With well over a million subscribers, Rogers is universally recognized as one of Canada's leading Internet service providers. The company offers several tiers of services, including the "Extreme" package that boasts of "blistering speed for sharing large files and much more." The package offers fast downloads, somewhat slower uploads, and a monthly cap of 100 gigabytes of data transfers.
Despite the promises of fast speeds and large file sharing capabilities, there are growing concerns among many consumers that the service delivers far less than advertised. Rogers actively engages in "traffic shaping", a process that limits the amount of bandwidth available for certain applications. Although this was initially limited to peer-to-peer file sharing applications, there is mounting speculation that the practice may be affecting basic functionality such as email and the use of virtual private networks.
For the past 18 months, Rogers traffic shaping has been an open secret. While Rogers at first denied the practice, it effectively acknowledged it in late 2005, arguing that peer-to-peer file sharing was using a disproportionate percentage of network resources and that the traffic shaping was needed to maintain the functionality of core services such as email and web browsing.
In response to the implementation of traffic shaping, many file sharing applications now employ encryption to make it difficult to detect the contents of data packets. This has led to a technical "cat and mouse" game, with Rogers now believed to be one of the only ISPs in the world to simply degrade encrypted traffic.
The traffic shaping issue raises several important concerns. From a consumer perspective, it is difficult to reconcile how the company can promote a service offering specific speeds and a maximum cap on data transfers, yet secretly hamper the ability for consumers to make full use of the service for which they have paid. Moreover, the failure to disclose the practice – a comprehensive search of the Rogers website does not yield a single mention of traffic shaping or limits on peer-to-peer applications – may bring consumer protection statutes into play.
Rogers' traffic shaping practices have also raised concern among network neutrality advocates, who fear that the company could limit bandwidth to competing content or services. Some customers note that the bandwidth consumed by customers of Rogers Internet phone service does not count against the monthly cap, though the same is not true for competing Internet telephony services.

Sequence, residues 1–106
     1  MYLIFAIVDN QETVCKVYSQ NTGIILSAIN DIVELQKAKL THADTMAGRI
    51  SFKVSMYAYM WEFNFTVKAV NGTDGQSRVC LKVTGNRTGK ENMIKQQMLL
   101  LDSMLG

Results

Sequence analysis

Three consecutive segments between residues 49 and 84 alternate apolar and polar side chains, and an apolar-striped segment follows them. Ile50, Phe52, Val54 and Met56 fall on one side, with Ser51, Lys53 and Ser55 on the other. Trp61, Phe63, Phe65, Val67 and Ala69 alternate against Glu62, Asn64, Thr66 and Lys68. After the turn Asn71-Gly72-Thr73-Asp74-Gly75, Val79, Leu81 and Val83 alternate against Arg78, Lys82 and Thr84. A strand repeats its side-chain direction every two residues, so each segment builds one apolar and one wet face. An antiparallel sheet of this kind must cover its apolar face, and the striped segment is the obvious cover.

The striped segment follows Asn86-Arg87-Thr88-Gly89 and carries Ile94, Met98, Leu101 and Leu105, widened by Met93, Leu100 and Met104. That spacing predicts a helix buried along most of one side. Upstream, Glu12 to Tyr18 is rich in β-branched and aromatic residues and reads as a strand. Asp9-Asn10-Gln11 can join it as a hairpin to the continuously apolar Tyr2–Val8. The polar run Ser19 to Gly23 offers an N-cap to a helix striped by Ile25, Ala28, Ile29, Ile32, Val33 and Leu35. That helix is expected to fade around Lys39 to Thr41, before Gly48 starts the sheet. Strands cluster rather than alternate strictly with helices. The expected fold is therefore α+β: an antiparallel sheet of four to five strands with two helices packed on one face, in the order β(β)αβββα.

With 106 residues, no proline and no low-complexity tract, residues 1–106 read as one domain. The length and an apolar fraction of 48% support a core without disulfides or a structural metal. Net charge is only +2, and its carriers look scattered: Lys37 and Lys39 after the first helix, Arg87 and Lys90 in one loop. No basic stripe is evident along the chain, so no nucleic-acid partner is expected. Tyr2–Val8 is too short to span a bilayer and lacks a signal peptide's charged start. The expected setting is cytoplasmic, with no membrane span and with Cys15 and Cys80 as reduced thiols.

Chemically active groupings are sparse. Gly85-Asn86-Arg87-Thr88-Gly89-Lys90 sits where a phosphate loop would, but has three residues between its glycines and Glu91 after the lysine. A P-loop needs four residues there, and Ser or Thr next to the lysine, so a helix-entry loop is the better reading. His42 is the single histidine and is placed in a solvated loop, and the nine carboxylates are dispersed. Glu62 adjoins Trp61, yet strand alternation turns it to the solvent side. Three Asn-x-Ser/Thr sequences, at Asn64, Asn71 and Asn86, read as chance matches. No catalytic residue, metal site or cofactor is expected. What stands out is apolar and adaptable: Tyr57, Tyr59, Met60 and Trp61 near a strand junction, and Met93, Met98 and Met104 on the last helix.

Further, traffic shaping of file sharing applications – particularly those that use the BitTorrent protocol – targets a perfectly legal protocol that is relied upon by a growing number of small businesses. These include Canadian artists and film makers who use BitTorrent to circulate their work and open source software developers who depend on BitTorrent to distribute their programs in a cost-effective manner.
In addition to the consumer and competition concerns, there is now speculation at my own university that the traffic shaping is rendering it difficult for University of Ottawa computer users to use email applications from home.
The University of Ottawa uses a persistent SSL encryption technology for the thousands of professors and students who access their email from off-campus. There is speculation that Rogers is mistakenly treating the encrypted email traffic as encrypted BitTorrent traffic, thereby creating noticeable slowdowns. Indeed, I have been advised that the University computer help desk has received a steady stream of complaints from Rogers customers about off-campus email service.
If true, this form of network interference – implemented with virtually no transparency and now affecting basic Internet services such as email – could well extend beyond just email to include a host of other core applications that rely upon encrypted data transfers. For example, many businesses depend upon encryption to create virtual private networks that enable employees to login from remote locations into company servers. If Rogers is degrading encrypted traffic, it could render such applications virtually unusable.
Notwithstanding the steady flow of complaints, the lack of transparency from Rogers, and the potential threat to core communications activities, there has seemingly been no action from any governmental authorities including Industry Minister Maxime Bernier, Competition Commissioner Sheridan Scott, or Canadian Radio-television and Telecommunications Chair Konrad von Finckenstein. In fact, earlier this month Bernier pushed forward with a telecommunications deregulation plan over the objection of a parliamentary committee that studied the issue.
While the government has announced plans for a new consumer complaints commission, providing a sounding board for consumers is not enough. The solution lies in requiring full disclosure of traffic shaping and the introduction of mandatory net neutrality provisions to ensure that essential communications tools such as email are not surreptitiously degraded.
Michael Geist holds the Canada Research Chair in Internet and E-commerce Law at the University of Ottawa, Faculty of Law. He can reached at firstname.lastname@example.org or online at www.michaelgeist.ca.